2. the listed securities market is highly regulated and there is a clear duty not to make untruthful statements.  Accordingly, a shareholder would have assumed that RSA was honestly informing it of its discoveries and investigations in late 2013 and early 2014; and
  3. as a result of the announcements in 2013 and 2014, a reasonable investor would have  assumed that RSA had taken proper steps to investigate the wrongdoing and concluded that RSA did not know about the misconduct in RSA Ireland, and that there was nothing to cause the Claimants to suppose that there was a possible claim against RSA under s90A FSMA.

Ultimately, Mr Justice Miles concluded that the Claimants had a realistic case that reasonably attentive investors would have concluded that there was nothing to investigate further at that stage as a result of the announcements in 2013 and 2014. 

However, for completeness, he also considered whether, had an investor been on notice of the need to investigate, a reasonably diligent investor would have carried out searches or used alerts which would have yielded the press coverage of the EAT proceedings, and whether that would have given them the information they needed to make a claim before 11 May 2015.  In this regard:

  1. Mr Justice Miles found that the Claimants had a realistic case that they would not have come across the 2015 press coverage.  In particular:
    1. The articles did not appear for over a year after the 2013/2014 announcements, and there was a realistic case that the Claimants would not still be looking for articles;
    2. There was no clear evidence as to the approach of investment funds to searching newspaper articles, and it was relevant that there were over 10,000 articles about RSA a year that the Claimants would have to filter in order to identify relevant material.
  2. It was held that the Claimants had a realistic case that, even if they found the relevant articles, they would not have been in a position to plead a case under s90A FSMA.  In particular:
    1. The articles reported various claims by Mr Smith which gave the impression that he was an aggrieved former employee seeking financial compensation but which would not be interpreted more widely for the purpose of giving rise to a claim under s90A FMSA;
    2. The articles did not name any individuals at RSA group level who were said to have known about the misconduct in RSA Ireland.  Any findings in that regard were not reached until the EAT judgment in June 2015;
    3. Similarly, information regarding the relationship between Mr Smith and senior individuals in RSA at group level was not sufficient to establish that those individuals knew of the misconduct in RSA Ireland;
    4. The articles reported that RSA was denying the allegations that senior individuals knew about the reserving misconduct; and
    5. There were no specific allegations about the kind of under-reserving, the quantum of the under-reserving and when it occurred.

As a more general point, Mr Justice Miles considered RSA's argument that the Claimants sought to rely on the articles in their pleaded case, but also suggest that those were insufficient for putting them on notice for the purpose of s32, relied on the use of hindsight.  In particular, reliance placed on an historic piece of evidence made in a later pleading, in light of the totality of the available evidence, would not indicate that a reasonable investor would have considered that there was sufficient information to plead a case of fraud at the time that evidence came into existence.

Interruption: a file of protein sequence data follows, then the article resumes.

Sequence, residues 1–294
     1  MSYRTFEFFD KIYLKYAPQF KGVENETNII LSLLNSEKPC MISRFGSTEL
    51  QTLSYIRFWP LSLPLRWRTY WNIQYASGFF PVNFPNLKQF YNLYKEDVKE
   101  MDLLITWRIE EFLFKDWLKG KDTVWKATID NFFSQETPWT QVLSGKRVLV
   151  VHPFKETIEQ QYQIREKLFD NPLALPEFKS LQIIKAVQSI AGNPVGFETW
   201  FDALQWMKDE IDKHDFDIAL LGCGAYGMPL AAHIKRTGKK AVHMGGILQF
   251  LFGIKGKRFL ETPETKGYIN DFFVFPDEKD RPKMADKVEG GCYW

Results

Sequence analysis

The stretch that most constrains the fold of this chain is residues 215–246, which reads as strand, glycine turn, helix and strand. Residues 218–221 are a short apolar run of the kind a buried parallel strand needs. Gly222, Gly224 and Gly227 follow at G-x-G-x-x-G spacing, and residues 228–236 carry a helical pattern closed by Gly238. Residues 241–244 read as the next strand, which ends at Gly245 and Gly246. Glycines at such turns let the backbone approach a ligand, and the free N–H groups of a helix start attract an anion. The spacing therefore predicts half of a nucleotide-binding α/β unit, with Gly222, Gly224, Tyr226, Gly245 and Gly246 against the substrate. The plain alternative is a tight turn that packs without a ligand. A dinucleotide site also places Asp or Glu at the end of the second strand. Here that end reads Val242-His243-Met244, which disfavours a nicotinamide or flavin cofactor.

Key points

  1. The appropriateness of determining limitation as a summary matter.
    Mr Justice Miles did not agree with the Claimants' submission that a Court could never reach a summary conclusion on limitation under s.32 TLA 1980 before disclosure had taken place.  However, the judgment suggests that, other than in exceptional circumstances, it is highly unlikely that defendants will be able to succeed on a limitation argument at summary judgment application in the absence of disclosure and, in particular, market expert evidence.  With regard to the latter, there are references throughout the judgment to not being able to assume how different classes of investors would react to the various announcements. 
  2. Recognising the different types of investors.
    Significantly, Mr Justice Miles was amenable to the notion that certain attributes of the different claimant investors were relevant to determining how a particular investor might react to the different announcements. 

    The judgment maintains the objective test of considering the steps that would be taken by a reasonably diligent investor. However, it is noteworthy that the judgment entertains the notion that there is an arguable case that tracker funds that are not actively managed, or funds with smaller losses, could be held to a lower standard for the purpose of determining when they would be on notice of misconduct.
  3. The need to be on notice of all elements of a claim under s90A FSMA.
    When considering the point at which claimants are on notice of misconduct for the purpose of s90A FSMA, it appears that a reasonably diligent claimant must be capable of discovering all elements of the misconduct.

    In this regard, even at the point where elements of the misconduct were potentially discoverable, it appears to have been determinative that the Claimants could not have known that PDMRs knew of the misconduct until a later stage, and could not plead its case for the purpose of s90A FSMA until that was known.
  4. Documents should not be considered with the benefit of hindsight.
    The judgment emphasises that when determining when a claimant is on notice of misconduct, announcements must be considered in the way they would have been considered when made, and not with the benefit of hindsight and alongside other relevant announcements.  It was for that reason that, although individual announcements might contribute to an overall claim under s90A FMSA, they would not have been sufficient to put a claimant on notice, particularly if they were made alongside numerous other announcements that were not relevant to the claim.